Textile Cultures – An interview with Welyne Jehom (Part 1)

This is part one of a two-part interview conducted by O For Other editors Lay Sheng and Sheau with Welyne Jehom, a senior lecturer of anthropology, on Sunday, 6 October 2019. In this first part, we explore the significance of Pua Kumbu textiles for Iban women and their community, and the changes in the community’s relationship with Pua Kumbu textiles over the decades. In the second part, we explore Welyne’s work of ensuring the successful transmission of intangible knowledge between generations and the ethical stance one holds in heritage and conservation work.

The interview has been edited for length and clarity.

O: How did your lifelong work with Pua Kumbu textiles began?

WJ: Sarawakians see Pua Kumbu everywhere. When we visit our friends at Iban longhouses, we are so used to seeing it but would not look further. We have always seen it used as a table-runner. I was always so curious about it, but I couldn’t afford it – it was too expensive to buy, so I would just admire it. Then I started collecting another form of cloth called sungkit – not songket – another form of Iban textile with very fine embroidery. I bought my first one in 1997, and I still have it today, framed up because I don’t want it to fade. But for Pua Kumbu, it was 2012, and I was at the British Museum and I saw pua kumbu. It was very original. I asked the curator, and she told me that they had a few pieces of pua kumbu that they received from Dr. Charles Hose in 1905. I was thinking to myself – how many non-Iban know about this? So I said, ok, why don’t we do pua kumbu? I’m curious to know about it. But until today, I still haven’t published any papers from this research, but I have signed a book contract with Palgrave to produce a book instead. This is knowledge that is not share-able. There are a lot of taboos associated with Pua Kumbu. People are protective of this knowledge – they would rather go to the grave with it.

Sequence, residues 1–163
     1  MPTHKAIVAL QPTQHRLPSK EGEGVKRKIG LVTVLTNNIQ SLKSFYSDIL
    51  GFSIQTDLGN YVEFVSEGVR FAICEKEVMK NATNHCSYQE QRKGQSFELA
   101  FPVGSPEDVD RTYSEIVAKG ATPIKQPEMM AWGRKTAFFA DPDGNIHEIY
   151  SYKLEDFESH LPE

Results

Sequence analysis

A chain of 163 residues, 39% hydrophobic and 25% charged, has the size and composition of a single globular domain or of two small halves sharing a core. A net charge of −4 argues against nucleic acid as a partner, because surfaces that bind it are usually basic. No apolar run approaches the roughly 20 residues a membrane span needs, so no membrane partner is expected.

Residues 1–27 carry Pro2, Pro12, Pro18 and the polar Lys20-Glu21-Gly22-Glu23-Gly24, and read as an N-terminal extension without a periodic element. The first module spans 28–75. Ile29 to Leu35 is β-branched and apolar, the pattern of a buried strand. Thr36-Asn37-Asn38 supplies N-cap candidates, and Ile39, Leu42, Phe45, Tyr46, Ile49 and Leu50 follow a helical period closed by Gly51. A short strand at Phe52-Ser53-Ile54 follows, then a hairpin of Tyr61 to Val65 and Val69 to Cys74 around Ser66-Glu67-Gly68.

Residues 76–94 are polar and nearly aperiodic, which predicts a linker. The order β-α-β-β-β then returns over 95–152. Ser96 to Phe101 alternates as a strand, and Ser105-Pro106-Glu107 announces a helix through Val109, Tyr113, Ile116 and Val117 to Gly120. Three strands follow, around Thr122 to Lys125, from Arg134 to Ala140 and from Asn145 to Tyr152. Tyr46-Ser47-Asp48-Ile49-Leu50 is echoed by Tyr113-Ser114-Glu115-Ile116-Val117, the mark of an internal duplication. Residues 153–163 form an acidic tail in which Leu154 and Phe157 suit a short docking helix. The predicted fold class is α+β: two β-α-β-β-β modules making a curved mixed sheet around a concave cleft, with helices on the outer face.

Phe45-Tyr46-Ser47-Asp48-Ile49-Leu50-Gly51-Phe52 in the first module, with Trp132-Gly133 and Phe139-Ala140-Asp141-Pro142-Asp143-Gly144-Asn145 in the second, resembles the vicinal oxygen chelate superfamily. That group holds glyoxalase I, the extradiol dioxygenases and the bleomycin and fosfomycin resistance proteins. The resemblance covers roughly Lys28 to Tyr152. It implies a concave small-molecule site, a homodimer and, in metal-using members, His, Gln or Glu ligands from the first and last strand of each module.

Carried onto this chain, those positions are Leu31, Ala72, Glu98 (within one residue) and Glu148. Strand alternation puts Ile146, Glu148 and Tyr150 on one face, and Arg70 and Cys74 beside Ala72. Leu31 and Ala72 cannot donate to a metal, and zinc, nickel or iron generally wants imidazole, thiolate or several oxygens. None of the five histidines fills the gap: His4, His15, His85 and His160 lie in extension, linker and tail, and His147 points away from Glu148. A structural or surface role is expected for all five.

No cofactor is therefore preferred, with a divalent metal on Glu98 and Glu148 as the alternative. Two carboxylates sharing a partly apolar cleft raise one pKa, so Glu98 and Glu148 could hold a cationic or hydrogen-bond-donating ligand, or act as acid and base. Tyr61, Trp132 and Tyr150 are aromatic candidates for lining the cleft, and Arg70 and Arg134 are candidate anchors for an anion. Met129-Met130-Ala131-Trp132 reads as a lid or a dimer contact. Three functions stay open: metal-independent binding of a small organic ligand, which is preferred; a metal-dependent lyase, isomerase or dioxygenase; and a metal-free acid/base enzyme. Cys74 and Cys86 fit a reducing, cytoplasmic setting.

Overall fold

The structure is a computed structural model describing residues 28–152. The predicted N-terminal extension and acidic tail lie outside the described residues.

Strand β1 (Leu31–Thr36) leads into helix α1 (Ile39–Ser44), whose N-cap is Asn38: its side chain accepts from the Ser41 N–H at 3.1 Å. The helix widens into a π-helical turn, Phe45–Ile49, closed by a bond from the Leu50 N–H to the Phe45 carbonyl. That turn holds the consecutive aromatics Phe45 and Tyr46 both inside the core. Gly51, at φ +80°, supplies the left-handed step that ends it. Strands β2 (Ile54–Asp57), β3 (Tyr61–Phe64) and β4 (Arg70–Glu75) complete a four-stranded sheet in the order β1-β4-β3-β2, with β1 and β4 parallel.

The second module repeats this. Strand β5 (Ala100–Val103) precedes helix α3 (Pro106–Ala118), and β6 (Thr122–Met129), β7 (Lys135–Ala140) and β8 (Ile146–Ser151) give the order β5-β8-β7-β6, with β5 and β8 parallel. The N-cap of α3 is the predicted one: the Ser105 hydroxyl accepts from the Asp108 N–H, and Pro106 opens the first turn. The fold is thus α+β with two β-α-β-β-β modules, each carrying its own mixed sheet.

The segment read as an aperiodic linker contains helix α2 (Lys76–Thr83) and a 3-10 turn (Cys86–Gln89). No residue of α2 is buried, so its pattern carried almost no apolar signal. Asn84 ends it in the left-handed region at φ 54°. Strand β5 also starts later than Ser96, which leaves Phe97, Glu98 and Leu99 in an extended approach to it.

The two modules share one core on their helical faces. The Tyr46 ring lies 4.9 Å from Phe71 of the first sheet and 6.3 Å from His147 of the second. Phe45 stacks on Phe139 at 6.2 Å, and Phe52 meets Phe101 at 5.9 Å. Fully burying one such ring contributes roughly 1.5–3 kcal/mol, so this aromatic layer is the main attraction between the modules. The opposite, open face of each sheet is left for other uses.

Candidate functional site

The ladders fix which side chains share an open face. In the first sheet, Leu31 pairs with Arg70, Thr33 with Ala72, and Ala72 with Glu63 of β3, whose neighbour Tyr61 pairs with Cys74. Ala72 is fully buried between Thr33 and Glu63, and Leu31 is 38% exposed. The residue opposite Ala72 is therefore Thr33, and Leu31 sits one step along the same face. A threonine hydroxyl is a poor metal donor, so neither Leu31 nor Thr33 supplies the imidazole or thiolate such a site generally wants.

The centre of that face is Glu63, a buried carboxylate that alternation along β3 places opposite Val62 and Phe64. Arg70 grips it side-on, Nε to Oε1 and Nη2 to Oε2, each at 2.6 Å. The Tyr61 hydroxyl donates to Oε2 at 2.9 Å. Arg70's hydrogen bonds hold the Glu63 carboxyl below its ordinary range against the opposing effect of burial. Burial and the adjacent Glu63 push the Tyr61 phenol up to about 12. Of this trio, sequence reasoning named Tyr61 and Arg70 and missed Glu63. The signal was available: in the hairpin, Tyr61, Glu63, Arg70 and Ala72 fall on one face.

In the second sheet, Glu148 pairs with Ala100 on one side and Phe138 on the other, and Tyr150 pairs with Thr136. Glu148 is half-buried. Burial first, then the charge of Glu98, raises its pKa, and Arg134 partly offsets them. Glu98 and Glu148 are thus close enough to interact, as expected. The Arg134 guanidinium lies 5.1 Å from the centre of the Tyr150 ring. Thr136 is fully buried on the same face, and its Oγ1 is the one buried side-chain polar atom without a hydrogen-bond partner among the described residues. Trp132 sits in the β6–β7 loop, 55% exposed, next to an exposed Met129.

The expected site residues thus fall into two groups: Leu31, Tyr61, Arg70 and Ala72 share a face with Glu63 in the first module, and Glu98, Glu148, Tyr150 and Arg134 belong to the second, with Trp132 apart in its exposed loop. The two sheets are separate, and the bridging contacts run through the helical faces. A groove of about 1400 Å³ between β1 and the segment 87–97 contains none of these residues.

O: There has recently been an increasing amount of attention devoted to textiles. What is the reason behind the omission of these textiles from our understanding of the past? Why is there so much interest being generated at this point in time?

WJ: I was actually asking myself the same question. In 2012, when I first started looking at textiles, no one was looking at heritage the same way I was looking at it. I prioritise community engagement as part of my anthropological research; now, the university encourages every grant to have community engagement, and now it’s one of the key research KPIs. Textiles have always been a fascinating issue for artists and collectives, but few academic researchers have studied it because our attention is less focused on heritage. In fact, I was originally studying women empowerment and the development of pua kumbu as a cottage industry – I wasn’t looking at the textile itself.

O: Let’s hold the thought on gender for now. What you said earlier was interesting – even as the MoE was trying to promote community engagement, these communities are jealously guarding their knowledge. You mentioned how difficult it is to extract knowledge from these communities. Why is this knowledge guarded so jealously and held as sacred?

WJ: Pua Kumbu in particular has a very close relationship with headhunting. Until the 1920s when headhunting was banned, every Iban woman who aspired to be somebody had to learn to weave, and to be good at it, because it is one of the criteria to become a headhunter’s wife. That is the measurement. It’s almost like the dowry in India, but it’s based on skill. During the ritual, the headhunters will bring a fresh head, and the woman will accept the head with the newly woven pua kumbu. Then, she will bring it to the river and clean it, and treat it like a baby and put it on another pua kumbu, then bring it to the long house for the ceremony. So the Pua Kumbu textiles are regarded as sacred objects for the important religious and ceremonial functions they perform.

O: What is the hierarchy like within these community of women weavers?

A very good woman weaver has a high rank in the community. Ibans are generally gender-egalitarian, although the word ‘egalitarian’ is not wholly applicable here because there is a prestige hierarchy based on skill and knowledge. Woman weavers are equal with any man in the Iban community. But among them, there is a master weaver. There are four different levels. They have to start with basic designs and the second rank can only copy design but she is not able to create her own. That’s why we don’t have many master weavers. So far, there are only about three or four, and the master weaver I’m working with was recently certified as Sarawak’s Living Legend of Pua Kumbu weaving, and UNESCO recognised her as a pua kumbu master weaver.